14. 14 j0rd said at 8:27 am on April 9th, 2009:

    Looking forward to seeing what you guys come up with. I’ve chosen Drupal myself because of the elegance of the code and structure (I’m a programmer). Not because it’s ease of use for the end user. Because of this choice, I usually spend at least a week or so, explaining and elaborating on all the where and how of all the delivered features.

    Any usability improvements should help me reduce this time and I’ll be forever grateful for that. Drupal can learn a lot about end user usability from WordPress and putting this site on wordpress was a great idea to start that discussion.

  15. 15 test said at 10:29 am on April 15th, 2009:

    This is a threaded comment

  16. 16 Leisa Reichelt said at 10:30 am on April 15th, 2009:

    works ok, huh?

  17. 17 François Granger said at 12:07 pm on April 15th, 2009:

    It seems, Yes ;-)

  18. 18 MichaelOcana said at 6:34 am on April 20th, 2009:

    Just a quick question, what happen to the user developed modules based drupal 6 after the release of drupal 7. will that be usable? or we have to develope again for drupal 7?

    thanks.

  19. 19 Dave Jones said at 12:10 am on April 23rd, 2009:

    @md

    I looked at Drupal when it was in the 5.x stage, implemented one site using it and then promptly gave up on it because it is just too damn hard to use. Not for myself as a developer and designer, but for end users – non-technical people that are actually responsible for writing and publishing content – in my experience, for them frankly it’s unusable.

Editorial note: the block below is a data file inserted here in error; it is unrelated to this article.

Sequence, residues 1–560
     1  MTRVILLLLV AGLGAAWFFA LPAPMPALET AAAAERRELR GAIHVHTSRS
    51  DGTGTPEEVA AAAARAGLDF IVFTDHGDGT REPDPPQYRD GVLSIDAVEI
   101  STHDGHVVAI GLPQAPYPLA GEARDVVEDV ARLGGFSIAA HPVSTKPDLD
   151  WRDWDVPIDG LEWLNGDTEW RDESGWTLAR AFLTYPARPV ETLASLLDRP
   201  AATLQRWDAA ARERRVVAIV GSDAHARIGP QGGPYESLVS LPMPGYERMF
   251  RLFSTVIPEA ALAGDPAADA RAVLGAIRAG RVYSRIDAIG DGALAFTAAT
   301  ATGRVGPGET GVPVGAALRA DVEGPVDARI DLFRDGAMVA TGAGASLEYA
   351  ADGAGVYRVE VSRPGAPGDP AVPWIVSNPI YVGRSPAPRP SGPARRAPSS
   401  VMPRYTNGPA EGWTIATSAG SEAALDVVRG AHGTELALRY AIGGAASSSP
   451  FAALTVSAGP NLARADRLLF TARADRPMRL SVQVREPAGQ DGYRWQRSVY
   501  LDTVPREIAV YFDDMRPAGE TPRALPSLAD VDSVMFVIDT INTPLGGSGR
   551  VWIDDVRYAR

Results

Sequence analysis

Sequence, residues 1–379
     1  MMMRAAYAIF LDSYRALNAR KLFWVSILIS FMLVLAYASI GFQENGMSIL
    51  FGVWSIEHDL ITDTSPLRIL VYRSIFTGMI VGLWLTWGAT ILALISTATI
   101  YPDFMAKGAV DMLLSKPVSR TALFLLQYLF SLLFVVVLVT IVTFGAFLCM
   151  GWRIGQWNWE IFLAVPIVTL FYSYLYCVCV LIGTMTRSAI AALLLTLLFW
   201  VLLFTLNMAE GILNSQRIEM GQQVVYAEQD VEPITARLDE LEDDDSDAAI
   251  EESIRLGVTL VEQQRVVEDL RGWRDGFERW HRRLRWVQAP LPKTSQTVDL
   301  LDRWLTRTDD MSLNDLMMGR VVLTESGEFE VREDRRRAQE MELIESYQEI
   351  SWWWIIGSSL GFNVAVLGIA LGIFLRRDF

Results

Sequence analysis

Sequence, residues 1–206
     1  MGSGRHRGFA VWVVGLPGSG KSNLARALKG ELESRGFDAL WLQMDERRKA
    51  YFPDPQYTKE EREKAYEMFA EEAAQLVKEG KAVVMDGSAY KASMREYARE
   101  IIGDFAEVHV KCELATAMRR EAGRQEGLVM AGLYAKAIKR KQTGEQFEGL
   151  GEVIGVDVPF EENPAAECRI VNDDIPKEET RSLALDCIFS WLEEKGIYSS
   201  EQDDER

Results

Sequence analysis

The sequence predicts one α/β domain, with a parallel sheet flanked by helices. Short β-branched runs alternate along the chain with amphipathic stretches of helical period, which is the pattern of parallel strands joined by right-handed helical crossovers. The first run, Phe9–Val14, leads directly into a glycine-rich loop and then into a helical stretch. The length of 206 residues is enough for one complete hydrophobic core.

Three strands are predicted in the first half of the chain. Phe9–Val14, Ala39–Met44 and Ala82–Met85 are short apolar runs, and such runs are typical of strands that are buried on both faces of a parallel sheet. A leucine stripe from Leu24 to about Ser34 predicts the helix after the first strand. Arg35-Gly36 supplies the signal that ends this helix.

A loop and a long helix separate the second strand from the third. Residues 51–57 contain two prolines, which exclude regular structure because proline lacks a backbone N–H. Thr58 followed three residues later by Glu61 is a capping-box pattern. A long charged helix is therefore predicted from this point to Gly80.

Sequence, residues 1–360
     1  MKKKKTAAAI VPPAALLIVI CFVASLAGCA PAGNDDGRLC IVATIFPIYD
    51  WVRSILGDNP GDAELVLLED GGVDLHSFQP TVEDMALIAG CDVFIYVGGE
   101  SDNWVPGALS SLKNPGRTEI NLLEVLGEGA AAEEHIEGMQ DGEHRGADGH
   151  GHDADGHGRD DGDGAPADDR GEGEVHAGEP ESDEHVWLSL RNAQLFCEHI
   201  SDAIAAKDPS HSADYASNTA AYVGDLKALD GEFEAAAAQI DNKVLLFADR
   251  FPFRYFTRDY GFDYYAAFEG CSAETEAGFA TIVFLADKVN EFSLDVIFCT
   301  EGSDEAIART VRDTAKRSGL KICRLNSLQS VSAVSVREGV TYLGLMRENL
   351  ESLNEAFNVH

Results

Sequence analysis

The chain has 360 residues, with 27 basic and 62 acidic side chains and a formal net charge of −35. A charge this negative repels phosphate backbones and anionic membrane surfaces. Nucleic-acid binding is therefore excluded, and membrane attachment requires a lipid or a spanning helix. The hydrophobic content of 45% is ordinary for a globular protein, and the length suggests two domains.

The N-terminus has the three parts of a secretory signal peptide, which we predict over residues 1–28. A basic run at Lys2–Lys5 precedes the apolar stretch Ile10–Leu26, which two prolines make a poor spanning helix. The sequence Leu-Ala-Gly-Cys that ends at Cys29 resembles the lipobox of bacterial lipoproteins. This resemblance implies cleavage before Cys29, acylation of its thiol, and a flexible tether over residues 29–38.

I haven’t seen anything in 6.x that would make me change my mind.

    I’ve been using WordPress for quite a while now, and despite its limitations and pitfalls, it continues to deliver particularly in the area of usability. It’s not perfect, but I can work with it. And more importantly my users can too. I believe that Drupal could learn a lot from what the developers of WP have done. (I don’t care that this site is WordPress, I think it’s irrelevant).

    Here’s the thing with Drupal. In my short time playing with Drupal I found I could understand the code, I wrote a module or two and created a custom theme. It wasn’t the only CMS I tried out, but in a technical sense it was definitely one of the best. Like @jord, I’m a programmer and the elegance and readibility of the code was a real selling point. In fact I really wanted to like Drupal, but for various reasons I just couldn’t bring myself to like it. And I still can’t.

    When I’m in the WordPress admin I feel as if I’m managing my content. With Drupal I feel more like Drupal has my content and if I could only find some way to trick it in to doing what I want to do with it then I’d be fine.